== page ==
• Colletotrichum coccodes;
  • diagnostics;
  • internal transcribed spacer regions;
  • potato black dot;
  • quantitative (TaqMan) PCR;
  • soil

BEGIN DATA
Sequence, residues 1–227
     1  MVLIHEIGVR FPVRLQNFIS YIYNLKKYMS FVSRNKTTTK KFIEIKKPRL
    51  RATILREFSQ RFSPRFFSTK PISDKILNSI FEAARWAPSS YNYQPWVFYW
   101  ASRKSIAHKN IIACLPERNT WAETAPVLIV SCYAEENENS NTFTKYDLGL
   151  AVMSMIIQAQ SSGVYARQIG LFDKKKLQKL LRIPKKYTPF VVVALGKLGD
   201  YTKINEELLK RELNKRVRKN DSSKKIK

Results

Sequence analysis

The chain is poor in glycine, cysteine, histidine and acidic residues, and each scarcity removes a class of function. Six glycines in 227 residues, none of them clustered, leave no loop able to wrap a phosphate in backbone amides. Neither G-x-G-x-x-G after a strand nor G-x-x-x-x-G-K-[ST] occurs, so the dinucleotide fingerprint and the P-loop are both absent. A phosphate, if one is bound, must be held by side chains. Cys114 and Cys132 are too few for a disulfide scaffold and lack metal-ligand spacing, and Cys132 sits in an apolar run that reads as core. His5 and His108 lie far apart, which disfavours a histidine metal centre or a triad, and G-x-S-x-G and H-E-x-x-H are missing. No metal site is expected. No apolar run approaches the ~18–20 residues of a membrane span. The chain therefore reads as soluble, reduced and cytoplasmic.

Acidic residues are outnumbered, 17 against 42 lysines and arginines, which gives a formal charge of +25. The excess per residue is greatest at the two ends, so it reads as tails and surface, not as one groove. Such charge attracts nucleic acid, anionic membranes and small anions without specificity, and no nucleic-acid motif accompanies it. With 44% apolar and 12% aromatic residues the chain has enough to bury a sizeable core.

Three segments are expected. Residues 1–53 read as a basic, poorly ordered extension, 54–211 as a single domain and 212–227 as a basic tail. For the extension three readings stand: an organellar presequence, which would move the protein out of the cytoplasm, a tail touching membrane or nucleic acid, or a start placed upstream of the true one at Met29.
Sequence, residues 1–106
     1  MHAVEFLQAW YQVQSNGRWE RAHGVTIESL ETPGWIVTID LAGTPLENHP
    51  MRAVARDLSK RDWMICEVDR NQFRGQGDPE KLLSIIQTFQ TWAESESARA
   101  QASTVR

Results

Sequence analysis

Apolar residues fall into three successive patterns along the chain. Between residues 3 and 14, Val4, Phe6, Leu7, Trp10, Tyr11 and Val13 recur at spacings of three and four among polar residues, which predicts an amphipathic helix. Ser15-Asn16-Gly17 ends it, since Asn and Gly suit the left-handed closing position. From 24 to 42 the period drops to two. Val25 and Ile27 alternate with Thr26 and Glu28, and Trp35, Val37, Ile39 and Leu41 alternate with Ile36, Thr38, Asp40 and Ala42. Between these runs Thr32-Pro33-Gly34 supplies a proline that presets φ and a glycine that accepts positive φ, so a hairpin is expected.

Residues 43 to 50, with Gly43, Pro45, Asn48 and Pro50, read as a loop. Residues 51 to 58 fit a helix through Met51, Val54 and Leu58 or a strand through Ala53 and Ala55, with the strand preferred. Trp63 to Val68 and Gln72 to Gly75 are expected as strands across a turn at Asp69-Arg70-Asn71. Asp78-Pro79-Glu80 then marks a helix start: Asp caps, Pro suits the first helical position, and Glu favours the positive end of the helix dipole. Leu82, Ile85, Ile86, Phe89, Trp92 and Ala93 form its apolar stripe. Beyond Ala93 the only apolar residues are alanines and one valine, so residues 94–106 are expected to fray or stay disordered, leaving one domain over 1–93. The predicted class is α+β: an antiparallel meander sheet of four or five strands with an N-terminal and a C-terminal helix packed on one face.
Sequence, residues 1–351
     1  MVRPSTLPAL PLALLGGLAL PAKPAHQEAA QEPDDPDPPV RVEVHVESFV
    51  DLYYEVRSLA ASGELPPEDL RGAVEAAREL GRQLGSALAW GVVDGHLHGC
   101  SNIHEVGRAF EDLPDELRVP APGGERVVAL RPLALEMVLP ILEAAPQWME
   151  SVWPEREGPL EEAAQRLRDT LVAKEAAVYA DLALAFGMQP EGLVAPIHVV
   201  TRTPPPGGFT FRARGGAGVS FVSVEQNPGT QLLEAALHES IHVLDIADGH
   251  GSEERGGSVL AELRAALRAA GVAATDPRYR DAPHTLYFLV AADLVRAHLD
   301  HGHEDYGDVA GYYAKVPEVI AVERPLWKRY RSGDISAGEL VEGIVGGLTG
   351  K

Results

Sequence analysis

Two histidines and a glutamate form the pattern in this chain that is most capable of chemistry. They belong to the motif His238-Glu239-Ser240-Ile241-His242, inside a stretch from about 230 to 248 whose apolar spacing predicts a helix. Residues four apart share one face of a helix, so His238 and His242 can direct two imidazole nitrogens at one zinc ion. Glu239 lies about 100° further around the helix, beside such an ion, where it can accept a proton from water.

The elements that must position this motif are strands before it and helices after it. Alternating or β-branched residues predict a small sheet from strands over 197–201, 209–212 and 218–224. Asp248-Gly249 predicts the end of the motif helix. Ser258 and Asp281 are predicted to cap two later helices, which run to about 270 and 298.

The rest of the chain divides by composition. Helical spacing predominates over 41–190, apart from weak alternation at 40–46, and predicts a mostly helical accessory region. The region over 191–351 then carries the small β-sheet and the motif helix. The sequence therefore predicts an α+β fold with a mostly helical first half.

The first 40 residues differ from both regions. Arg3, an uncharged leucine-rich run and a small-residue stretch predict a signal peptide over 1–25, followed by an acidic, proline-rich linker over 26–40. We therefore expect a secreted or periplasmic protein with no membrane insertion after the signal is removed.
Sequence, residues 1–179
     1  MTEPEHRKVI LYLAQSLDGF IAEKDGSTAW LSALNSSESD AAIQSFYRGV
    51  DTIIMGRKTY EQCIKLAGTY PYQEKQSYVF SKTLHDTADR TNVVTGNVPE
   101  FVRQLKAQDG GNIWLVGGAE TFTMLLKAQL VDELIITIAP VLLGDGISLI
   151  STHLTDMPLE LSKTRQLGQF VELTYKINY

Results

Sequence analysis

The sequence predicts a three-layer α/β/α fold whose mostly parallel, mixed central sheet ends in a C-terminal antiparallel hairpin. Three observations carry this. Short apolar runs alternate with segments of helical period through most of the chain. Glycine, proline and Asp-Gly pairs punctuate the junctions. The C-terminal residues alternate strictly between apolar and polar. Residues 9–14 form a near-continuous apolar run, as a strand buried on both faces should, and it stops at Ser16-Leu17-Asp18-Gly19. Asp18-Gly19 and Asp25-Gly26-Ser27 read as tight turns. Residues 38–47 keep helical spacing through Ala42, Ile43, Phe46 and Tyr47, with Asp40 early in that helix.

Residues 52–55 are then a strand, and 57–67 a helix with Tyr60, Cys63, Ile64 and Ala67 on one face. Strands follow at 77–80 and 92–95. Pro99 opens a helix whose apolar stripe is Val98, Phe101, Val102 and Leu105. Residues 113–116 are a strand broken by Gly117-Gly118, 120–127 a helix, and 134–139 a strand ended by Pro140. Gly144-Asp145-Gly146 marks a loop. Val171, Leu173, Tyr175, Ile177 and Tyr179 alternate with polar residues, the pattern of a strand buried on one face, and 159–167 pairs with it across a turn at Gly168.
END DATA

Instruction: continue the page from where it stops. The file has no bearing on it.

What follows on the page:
Colletotrichum coccodes is the causal agent of the potato blemish disease black dot. Two PCR primer sets were designed to sequences of the ribosomal internal transcribed spacer (ITS1 and ITS2) regions for use in a nested PCR. The genus-specific outer primers (Cc1F1/Cc2R1) were designed to regions common to Colletotrichum spp., and the species-specific nested primers (Cc1NF1/Cc2NR1) were designed to sequences unique to C. coccodes. The primer sets amplified single products of 447 bp (Cc1F1/Cc2R1) and 349 bp (Cc1NF1/Cc2NR1) with DNA extracted from 33 European and North American isolates of C. coccodes. The specificity of primers Cc1NF1/Cc2NR1 was confirmed by the absence of amplified product with DNA of other species representing the six phylogenetic groups of the genus Colletotrichum and 46 other eukaryotic and prokaryotic plant pathogenic species. A rapid procedure for the direct extraction of DNA from soil and potato tubers was used to verify the PCR assay for detecting C. coccodes in environmental samples. The limit of sensitivity of PCR for the specific detection of C. coccodes when inoculum was added to soils was 3·0 spores per g, or the equivalent of 0·06 microsclerotia per g soil, the lowest level of inoculum tested. Colletotrichum coccodes was also detected by PCR in naturally infested soil and from both potato peel and peel extract from infected and apparently healthy tubers. Specific primers and a TaqMan fluorogenic probe were designed to perform quantitative real-time (TaqMan) PCR to obtain the same levels of sensitivity for detection of C. coccodes in soil and tubers during a first-round PCR as with conventional nested PCR and gel electrophoresis. This rapid and quantitative PCR diagnostic assay allows an accurate estimation of tuber and soil contamination by C. coccodes.